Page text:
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Crowdsourcing hope: shaping the stories of the medically marginalized

A closer look at the trend of crowd-sourced storytelling and its potential to bring patients and communities together

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At a time when medical advancements make so much possible, it’s hard to imagine that there are scores of Americans suffering from undiagnosed, misdiagnosed or uncured medical conditions. What does it mean to live with a mysterious medical issue? 

It can be tempting to imagine that having a rare or unusual illness or ailment would excite medical professionals and compel them to engage in chasing down treatments for these patients. The reality, however, is much different. These are the patients that many doctors don’t want to see. The American healthcare system doesn’t afford medical professionals the time or resources it can take to fully assist outliers, so pursuing answers to their medical mysteries often falls to patients themselves.

Sharing the stories of those who endure puzzling ailments, and creating platform and community where people in need can seek medical solutions and treatments, is the goal of Chasing the Cure, a new show produced by Lionsgate Television, B-17 Entertainment, and Motiv8 Media, which premiered in August on TNT. 

For B-17 Entertainment digital technology manager Will Davies, the best stories channel classic themes: “Life, love and happiness.” Patients’ pursuit of these essentials underscores the stories Davies and his team feature on Chasing The Cure, which chronicles a patient’s journey as they meet with a panel of top doctors who aim to understand and diagnose issues ranging from the odd to the life-threatening.   

What also stands out about Chasing the Cure is the show’s use of crowdsourcing to identify case files to spotlight on the show. The fan base continues to grow – with a call to action for patients and their families to share their stories, some of whom are similarly marginalized by the healthcare system. 

By forging a community around people with a shared experience of living with a lack of medical diagnosis or access, Davies and his colleagues are creating a new experience for viewers. This new kind of storytelling blurs the lines between what is mobile, streaming and linear TV. The patients’ stories don’t stop at the weekly broadcast. Their conversations reverberate beyond the show as patients, audiences, friends, and followers become each others’ support and information network. 

Fostering community 

Credit: Chasing The Cure

Using crowdsourcing to shape the interactive stories and foster a sense of community among fans is a growing trend among producers. Diagnosis and Chasing the Cure are two examples of how this approach is impacting storytelling in the health space. Chasing the Cure invites a panel of doctors and medical consultants, plus a global audience, to participate in solving medical mysteries.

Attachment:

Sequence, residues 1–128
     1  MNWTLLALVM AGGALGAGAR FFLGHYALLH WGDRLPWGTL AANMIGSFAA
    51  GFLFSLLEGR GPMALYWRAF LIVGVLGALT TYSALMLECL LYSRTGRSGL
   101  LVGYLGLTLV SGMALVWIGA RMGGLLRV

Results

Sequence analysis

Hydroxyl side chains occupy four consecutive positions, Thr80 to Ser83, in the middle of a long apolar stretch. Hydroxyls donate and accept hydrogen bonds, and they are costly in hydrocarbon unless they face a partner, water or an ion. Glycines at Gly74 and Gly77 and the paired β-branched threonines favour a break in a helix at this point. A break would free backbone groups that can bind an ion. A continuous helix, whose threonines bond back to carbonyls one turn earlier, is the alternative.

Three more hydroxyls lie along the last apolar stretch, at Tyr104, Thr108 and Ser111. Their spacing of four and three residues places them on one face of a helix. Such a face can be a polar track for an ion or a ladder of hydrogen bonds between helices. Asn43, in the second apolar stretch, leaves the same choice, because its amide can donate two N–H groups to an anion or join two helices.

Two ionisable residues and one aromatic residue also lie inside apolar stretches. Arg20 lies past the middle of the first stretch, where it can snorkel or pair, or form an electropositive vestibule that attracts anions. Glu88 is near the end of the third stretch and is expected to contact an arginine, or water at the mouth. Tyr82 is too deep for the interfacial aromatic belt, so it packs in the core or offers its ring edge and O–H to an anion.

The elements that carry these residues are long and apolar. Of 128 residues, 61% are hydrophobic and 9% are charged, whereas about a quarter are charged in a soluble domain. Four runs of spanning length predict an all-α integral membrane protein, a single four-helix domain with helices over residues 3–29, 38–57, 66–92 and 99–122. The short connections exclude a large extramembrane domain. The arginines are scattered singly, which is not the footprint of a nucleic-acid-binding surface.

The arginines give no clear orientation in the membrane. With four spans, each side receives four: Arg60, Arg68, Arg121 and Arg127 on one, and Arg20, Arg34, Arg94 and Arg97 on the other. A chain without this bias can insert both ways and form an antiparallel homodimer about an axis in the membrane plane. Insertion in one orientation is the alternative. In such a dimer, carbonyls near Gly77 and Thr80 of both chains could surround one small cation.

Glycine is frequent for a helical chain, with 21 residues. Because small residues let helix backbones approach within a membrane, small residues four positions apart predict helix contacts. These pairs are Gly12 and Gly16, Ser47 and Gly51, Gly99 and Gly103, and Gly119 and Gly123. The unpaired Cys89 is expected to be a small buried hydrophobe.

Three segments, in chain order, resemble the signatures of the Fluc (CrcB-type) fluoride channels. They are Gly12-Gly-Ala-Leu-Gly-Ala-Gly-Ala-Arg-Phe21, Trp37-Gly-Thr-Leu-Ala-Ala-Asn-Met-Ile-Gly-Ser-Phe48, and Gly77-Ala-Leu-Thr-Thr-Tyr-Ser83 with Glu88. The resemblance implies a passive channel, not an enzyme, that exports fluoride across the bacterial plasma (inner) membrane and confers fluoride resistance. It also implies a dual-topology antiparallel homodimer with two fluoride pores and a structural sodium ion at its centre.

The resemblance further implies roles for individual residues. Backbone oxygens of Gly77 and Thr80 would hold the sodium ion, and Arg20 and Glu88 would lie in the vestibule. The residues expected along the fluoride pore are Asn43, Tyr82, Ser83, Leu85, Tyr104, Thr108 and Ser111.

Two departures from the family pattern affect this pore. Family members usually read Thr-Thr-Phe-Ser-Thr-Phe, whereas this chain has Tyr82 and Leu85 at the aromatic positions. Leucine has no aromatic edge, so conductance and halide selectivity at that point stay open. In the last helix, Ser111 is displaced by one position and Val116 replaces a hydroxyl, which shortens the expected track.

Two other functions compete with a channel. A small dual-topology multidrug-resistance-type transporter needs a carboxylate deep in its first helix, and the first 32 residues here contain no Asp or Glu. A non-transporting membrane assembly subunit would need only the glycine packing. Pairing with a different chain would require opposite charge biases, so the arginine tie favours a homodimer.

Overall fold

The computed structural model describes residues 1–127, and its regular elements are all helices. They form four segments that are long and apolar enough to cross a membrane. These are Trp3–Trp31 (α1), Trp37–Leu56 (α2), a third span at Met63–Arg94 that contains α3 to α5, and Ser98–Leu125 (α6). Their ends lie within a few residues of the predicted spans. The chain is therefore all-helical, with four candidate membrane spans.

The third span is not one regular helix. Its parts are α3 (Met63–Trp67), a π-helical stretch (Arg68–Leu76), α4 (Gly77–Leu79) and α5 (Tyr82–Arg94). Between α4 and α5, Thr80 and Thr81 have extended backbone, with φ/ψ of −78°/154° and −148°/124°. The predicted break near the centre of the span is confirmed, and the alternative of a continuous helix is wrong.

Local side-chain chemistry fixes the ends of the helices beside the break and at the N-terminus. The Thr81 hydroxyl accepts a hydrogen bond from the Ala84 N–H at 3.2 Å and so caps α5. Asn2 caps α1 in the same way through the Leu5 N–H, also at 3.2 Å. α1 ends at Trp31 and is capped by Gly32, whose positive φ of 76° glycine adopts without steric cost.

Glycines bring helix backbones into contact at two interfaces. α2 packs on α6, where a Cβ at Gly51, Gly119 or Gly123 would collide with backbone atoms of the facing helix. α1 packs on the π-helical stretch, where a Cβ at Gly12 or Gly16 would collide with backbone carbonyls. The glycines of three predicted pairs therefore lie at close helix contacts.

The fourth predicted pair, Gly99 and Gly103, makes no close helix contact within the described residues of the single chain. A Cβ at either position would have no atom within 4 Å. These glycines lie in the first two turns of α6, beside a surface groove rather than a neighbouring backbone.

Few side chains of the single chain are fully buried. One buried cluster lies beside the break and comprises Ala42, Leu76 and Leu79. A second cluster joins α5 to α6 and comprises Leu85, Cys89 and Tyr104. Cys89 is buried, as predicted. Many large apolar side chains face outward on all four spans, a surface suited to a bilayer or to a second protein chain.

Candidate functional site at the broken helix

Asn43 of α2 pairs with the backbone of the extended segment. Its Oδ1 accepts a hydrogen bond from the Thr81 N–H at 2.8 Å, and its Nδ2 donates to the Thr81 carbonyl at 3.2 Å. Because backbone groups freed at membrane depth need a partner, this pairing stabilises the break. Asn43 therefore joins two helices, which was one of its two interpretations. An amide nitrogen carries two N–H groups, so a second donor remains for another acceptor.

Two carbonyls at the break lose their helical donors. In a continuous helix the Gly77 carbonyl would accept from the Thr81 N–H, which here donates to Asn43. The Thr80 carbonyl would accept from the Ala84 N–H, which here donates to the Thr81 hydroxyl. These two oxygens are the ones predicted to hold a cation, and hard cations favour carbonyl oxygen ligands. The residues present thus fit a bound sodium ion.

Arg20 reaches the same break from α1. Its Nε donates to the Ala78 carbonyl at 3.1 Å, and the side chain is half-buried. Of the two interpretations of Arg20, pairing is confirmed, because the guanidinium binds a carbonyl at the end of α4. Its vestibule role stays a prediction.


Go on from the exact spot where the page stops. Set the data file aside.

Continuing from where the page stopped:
The audience can participate by calling, texting or engaging through social media, including a Facebook group and dedicated website. There they can also review patient case files and submit their own. If they don’t make it on to the show, they can still participate and interact with other viewers within the community. 

Reshaping stories

Chasing the Cure involves a new approach to bringing the audience into a story that’s unfolding in real-time. As that story breaks open, it elicits reactions and responses from a community that is invested in the story and its outcome. They are helping to shape it as it unfolds. 

The show focuses on how connections can help marginalized patients understand their medical issues and can shed light on the medical challenges complicating their lives. 

“The show was such an interesting concept” Davies explains, “especially with healthcare being the way it is in this country. And sort of seeing a connective line between so many different patients and the things that they needed.” Davies shares. 

Where misfits matter 

While the story is being experienced and constructed on multiple platforms, Davies explains: “it’s still storytelling at its core.”  This approach to story shaping works in such a powerful way with the subject matter. 

Medical misfits have found a community where they matter. No one tells them it’s all in their heads. No one advises that they must be doing something to cause their own mysterious ailments. Here, they are believed, supported and heard. Plus, Davies and his fellow storytellers give the medically marginalized the resources to pursue what really matters to them – a diagnosis, treatment and a cure. 

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